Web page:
As Donald Trump Parachutes Into New Hampshire, GOP Worries About A ‘Fringe’ Primary (The Note)

Apr 27, 2011 8:07am


PORTSMOUTH, N.H. — Donald Trump is making his first visit as a potential presidential candidate to this first-in-the-nation primary state today as he tests the waters for what is shaping up to be an unpredictable — but increasingly likely — bid for the Republican nomination.

Trump is parachuting into New Hampshire for a matter of hours to headline a party fundraiser, meet with operatives, activists and voters as well as a throng of local and national reporters who will be following his every move in the Granite State.

His schedule has been a tightly guarded secret for security reasons, according to his staff. They left the planning for what is likely to be a seven or eight-hour stay in New Hampshire largely up to the state's Republican Party.

"I love the people of New Hampshire," Trump said in an interview with ABC News before his trip. "They're workers — no nonsense.”

The billionaire real estate mogul and reality television star is slated to arrive by private helicopter at 9 a.m. Wednesday morning at the Portsmouth International Airport where he will hold a news conference upon landing. Trump, who is set to visit New Hampshire again in May and June, will then embark on a day-long series of events beginning with stops at local businesses around town.

Sources familiar with his schedule say he is unlikely to venture beyond the Seacoast area on this trip, skipping the state capitol, Concord, and the state's largest city, Manchester. The marquee event of Trump's day will be a high-dollar fundraising luncheon for the New Hampshire GOP at the swanky One Hundred Club in Portsmouth.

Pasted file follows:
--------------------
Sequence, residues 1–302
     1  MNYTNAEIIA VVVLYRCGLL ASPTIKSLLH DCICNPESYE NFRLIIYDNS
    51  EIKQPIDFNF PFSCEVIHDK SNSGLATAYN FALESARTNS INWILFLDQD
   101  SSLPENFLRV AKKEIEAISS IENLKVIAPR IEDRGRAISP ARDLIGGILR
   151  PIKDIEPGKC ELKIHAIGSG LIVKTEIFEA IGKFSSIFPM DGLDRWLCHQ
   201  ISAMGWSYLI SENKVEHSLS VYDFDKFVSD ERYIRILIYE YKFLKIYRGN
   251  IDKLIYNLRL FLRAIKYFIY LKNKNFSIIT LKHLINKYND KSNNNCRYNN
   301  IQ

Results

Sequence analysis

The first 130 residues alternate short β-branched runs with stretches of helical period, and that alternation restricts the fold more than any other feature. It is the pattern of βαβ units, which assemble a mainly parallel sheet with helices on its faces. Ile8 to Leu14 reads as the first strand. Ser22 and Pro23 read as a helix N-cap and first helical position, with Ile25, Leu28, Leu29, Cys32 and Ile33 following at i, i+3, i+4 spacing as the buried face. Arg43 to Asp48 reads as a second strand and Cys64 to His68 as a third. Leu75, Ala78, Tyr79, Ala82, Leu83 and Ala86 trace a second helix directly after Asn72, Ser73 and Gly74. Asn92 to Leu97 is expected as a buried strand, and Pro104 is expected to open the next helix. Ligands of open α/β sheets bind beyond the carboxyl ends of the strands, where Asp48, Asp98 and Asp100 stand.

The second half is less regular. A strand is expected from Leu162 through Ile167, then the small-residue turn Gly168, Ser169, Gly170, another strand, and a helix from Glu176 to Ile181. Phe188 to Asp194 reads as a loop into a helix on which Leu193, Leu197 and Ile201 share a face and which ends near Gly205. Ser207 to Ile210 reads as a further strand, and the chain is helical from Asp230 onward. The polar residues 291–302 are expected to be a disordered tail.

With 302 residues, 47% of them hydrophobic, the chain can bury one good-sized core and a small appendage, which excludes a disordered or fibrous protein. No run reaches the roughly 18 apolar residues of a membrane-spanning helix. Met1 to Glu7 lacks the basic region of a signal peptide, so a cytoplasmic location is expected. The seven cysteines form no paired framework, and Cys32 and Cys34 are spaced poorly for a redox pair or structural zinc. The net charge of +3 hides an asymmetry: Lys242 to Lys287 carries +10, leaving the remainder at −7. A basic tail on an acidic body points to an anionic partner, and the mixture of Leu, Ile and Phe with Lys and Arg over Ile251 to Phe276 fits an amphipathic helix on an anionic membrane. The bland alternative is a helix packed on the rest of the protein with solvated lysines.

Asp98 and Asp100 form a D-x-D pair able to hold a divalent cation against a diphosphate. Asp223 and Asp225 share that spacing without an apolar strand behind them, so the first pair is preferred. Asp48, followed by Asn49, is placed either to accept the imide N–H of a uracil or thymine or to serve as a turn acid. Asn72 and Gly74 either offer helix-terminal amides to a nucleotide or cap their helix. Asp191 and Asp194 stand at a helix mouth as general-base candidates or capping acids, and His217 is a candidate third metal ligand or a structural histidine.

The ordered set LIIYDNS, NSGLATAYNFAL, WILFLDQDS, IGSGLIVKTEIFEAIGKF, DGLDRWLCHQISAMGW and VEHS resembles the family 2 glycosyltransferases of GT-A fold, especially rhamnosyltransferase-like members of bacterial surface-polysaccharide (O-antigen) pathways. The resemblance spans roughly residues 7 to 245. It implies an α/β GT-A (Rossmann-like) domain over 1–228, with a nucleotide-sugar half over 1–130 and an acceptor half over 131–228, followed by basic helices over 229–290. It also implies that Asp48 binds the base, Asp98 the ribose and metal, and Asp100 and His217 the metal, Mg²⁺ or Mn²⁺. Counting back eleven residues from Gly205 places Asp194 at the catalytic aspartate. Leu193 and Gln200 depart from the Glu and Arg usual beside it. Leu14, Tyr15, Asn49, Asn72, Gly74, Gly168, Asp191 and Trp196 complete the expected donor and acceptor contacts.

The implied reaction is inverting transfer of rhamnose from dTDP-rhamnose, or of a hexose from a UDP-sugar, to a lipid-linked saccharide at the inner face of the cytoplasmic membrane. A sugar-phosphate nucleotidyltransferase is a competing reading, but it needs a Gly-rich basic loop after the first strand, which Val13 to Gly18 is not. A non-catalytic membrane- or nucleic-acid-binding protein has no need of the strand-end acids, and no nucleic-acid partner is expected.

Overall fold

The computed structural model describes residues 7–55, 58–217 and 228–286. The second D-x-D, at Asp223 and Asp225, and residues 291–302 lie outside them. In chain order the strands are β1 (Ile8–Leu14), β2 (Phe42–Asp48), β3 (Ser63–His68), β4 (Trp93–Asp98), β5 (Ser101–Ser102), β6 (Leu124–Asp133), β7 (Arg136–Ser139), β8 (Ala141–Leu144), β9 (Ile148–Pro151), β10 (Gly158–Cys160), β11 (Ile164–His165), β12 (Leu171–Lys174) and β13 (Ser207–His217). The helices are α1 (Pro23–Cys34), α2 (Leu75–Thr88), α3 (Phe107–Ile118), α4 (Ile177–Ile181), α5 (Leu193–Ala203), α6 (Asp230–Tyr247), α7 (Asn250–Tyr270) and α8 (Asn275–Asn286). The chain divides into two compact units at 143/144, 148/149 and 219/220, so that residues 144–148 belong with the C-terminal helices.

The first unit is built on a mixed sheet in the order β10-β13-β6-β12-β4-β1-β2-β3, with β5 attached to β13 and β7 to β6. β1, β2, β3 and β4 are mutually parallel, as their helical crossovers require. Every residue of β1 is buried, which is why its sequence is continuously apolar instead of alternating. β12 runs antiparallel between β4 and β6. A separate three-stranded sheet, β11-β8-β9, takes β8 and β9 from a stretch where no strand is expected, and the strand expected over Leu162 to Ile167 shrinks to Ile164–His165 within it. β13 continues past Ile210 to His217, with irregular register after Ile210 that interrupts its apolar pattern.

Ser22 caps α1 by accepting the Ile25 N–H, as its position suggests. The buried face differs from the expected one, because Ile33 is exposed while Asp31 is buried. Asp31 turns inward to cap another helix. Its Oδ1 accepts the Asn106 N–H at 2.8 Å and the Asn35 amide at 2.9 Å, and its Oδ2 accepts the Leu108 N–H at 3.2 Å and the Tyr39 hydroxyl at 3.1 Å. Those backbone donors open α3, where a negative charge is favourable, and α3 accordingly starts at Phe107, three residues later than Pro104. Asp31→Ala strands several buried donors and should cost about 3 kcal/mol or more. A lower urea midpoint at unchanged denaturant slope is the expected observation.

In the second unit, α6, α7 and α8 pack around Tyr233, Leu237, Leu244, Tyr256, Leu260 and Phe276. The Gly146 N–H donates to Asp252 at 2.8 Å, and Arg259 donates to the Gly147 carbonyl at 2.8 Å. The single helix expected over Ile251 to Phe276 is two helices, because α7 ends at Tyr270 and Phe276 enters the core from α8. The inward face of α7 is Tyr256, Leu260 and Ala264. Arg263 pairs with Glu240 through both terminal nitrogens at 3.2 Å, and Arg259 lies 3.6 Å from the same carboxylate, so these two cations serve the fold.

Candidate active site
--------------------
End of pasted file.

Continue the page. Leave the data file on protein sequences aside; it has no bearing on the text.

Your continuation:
Trump has said he will make an announcement about his presidential intentions before June, and he said in an interview with ABC News that he is "having a good time" contemplating a White House bid. Trump said he would "prefer" not to run, but "the country comes before what I would prefer."

"The country is in such bad trouble," he said, adding that running for president, is "not that tough a decision for me."

For New Hampshire voters, however, choosing to support Trump may be a far more difficult choice. Granite Staters traditionally take their presidential primary vetting responsibilities seriously and some activists are already grumbling that fly-by visits like Trump’s today will not sit well with residents who expect to have a chance to sit down and have a cup of coffee with perspective candidates.

Even more broadly, there’s also growing concern among the GOP establishment, not only in states like New Hampshire and Iowa but also around the country that the Republican presidential field is fast becoming defined not by the mainstream but by the fringes.

With Trump raising questions about President Obama’s birth certificate and whether or not he was qualified to attend Columbia University and Harvard Law School and Rep. Ron Paul, R-Tex., a favorite of the libertarian-leaning grassroots during the 2008 election cycle, announcing a presidential exploratory committee yesterday, party leaders are wondering what has become of those who they see as the more serious establishment contenders.